Monday, 16 January 2017

Frankie Valli & The Four Seasons

The world of the Four Seasons, to me at least, can be a quite daunting and confusing one at first. A band whose history can be traced back all the way to the early 50s, a band who were credited both with and without their leader, who also had a solo career at one point running side by side, and a band who issued a series of albums seemingly never released in the UK.

Indeed, there are those who believe that the band’s back catalogue has been treated quite poorly, resulting in many albums falling out of print. Indeed, go on to Amazon, and you may struggle to find a CD edition of many of their original studio records. But help is at hand. A couple of boxsets issued by Rhino in the UK a few years ago were designed to give a flavour of most of what both Valli solo, and the band, released from the 60s onwards. Buy them both, and you will end up with a very big chunk of the back catalogue. Collecting the singles can still be a lengthy process, but given that a lot of the band’s albums seemed to be designed to showcase a lot of the A-sides and/or B-sides, and then padding them out with some “new” material, then the boxsets even provide an introduction to the band’s 45s.

Frankie Valli, stylised as Frankie Valley, released his first single in the USA in 1953. It was the beginning of a long run of poor selling singles in Valli’s homeland, and by 1956, he had formed The Four Lovers, essentially an early incarnation of The Four Seasons. The band issued an album, “Joyride”, and a number of mostly under-performing 45’s in the US, and by 1958, had turned into a mainly touring band, with their studio work limited to session musician duties. However, the band did continue to issue a regular run of 45’s under other names, with Valli issuing singles under the name of “Frankie Tyler”, whilst the run of singles issued during 1960 appeared under a bewildering variety of pseudonyms, including Billy Dixon & The Topics and The Village Voices.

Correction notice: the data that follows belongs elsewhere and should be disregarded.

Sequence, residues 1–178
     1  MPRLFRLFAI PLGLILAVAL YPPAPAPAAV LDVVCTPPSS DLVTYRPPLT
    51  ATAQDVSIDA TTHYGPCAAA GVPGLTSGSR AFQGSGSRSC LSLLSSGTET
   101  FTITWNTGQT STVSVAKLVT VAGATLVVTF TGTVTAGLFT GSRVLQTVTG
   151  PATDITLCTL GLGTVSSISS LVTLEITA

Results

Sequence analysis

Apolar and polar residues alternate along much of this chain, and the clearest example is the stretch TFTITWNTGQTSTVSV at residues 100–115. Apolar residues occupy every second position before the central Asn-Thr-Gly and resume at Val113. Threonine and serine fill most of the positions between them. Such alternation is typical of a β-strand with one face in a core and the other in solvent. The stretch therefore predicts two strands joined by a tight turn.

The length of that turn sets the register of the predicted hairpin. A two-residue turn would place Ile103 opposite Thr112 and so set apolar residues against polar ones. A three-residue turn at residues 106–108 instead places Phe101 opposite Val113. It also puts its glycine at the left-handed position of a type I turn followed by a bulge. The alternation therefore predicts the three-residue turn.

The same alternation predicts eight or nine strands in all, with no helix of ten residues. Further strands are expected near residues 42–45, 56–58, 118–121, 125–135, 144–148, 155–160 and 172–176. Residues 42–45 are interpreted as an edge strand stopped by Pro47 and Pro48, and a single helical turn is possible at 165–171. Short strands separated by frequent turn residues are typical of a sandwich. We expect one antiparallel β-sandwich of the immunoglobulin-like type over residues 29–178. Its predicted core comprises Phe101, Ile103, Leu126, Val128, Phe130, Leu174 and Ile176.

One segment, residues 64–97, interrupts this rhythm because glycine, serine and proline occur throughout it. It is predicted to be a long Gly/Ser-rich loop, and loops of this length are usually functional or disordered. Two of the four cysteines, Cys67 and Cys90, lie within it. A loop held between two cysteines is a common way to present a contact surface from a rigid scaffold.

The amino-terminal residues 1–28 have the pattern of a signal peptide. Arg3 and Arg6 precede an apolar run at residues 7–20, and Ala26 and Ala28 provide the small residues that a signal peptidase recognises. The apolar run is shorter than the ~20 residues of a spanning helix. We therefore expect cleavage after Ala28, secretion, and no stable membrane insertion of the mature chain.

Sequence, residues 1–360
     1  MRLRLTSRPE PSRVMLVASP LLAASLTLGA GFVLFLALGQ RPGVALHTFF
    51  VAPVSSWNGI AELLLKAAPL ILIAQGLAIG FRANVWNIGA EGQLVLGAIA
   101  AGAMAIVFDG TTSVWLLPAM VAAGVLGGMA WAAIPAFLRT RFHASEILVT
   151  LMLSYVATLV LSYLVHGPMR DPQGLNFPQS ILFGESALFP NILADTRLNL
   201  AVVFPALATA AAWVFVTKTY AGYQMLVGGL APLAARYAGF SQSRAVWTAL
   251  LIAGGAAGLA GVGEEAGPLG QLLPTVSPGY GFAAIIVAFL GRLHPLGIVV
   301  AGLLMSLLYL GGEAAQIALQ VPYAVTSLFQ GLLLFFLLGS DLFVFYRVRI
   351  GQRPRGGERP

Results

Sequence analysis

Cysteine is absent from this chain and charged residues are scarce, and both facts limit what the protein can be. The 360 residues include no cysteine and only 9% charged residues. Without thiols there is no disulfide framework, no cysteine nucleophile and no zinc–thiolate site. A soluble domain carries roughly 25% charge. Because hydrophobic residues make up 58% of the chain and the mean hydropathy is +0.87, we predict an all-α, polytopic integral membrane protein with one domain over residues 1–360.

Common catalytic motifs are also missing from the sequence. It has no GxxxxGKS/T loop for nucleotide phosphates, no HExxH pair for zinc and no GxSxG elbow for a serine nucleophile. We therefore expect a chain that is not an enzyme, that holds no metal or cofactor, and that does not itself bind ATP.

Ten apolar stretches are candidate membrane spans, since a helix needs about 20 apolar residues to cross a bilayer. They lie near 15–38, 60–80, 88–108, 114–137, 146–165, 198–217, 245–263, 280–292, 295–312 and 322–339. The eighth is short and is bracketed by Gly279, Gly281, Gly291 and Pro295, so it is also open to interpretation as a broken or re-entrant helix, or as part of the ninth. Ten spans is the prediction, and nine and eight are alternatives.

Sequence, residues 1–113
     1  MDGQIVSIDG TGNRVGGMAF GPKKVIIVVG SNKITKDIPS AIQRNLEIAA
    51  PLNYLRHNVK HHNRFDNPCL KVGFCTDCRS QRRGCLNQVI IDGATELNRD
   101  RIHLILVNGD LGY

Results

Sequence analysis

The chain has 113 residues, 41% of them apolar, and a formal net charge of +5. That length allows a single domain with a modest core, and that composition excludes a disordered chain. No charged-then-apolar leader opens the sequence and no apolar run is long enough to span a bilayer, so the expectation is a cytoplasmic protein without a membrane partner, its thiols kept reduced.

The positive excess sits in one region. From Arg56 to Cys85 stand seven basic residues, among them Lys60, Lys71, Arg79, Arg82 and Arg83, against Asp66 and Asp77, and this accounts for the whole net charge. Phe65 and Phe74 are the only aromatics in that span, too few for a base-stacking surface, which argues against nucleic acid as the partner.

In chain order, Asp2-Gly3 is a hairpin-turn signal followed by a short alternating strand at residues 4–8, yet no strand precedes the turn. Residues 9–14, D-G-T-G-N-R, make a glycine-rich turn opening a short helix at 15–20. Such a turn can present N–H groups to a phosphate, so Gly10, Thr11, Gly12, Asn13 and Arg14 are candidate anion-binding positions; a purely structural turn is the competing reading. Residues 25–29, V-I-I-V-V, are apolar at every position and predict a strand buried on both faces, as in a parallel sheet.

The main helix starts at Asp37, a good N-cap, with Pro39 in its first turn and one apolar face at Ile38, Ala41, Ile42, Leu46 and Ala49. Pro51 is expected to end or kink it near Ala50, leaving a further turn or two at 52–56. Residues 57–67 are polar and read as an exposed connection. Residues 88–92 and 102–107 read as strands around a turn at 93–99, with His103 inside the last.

By the early 60s, a contract the band had signed was due to expire, and the group were rechristened as The Four Seasons, taking their name from a bowling alley where they had conducted a failed audition. Having gone through a variety of line up changes, the “classic” line up of the band was now in place, with Valli joined by Bob Gaudio, Nick Massi and Tommy DeVito. Bob Crewe collaborated with the group for some years as producer and co-writer, primarily working with Gaudio.

The first Four Seasons single was the US only 1961 release “Bermuda”/”Spanish Lace”, issued on Gone Records. By 1962, the band had signed to the Vee-Jay label in the USA (briefly home, of course, also to The Beatles) and Stateside in the UK. Their next single, issued on both sides of the Atlantic, was “Sherry” - and became a huge hit. The band’s doo wop sound was especially characterised by Valli’s impossibly high pitched falsetto voice.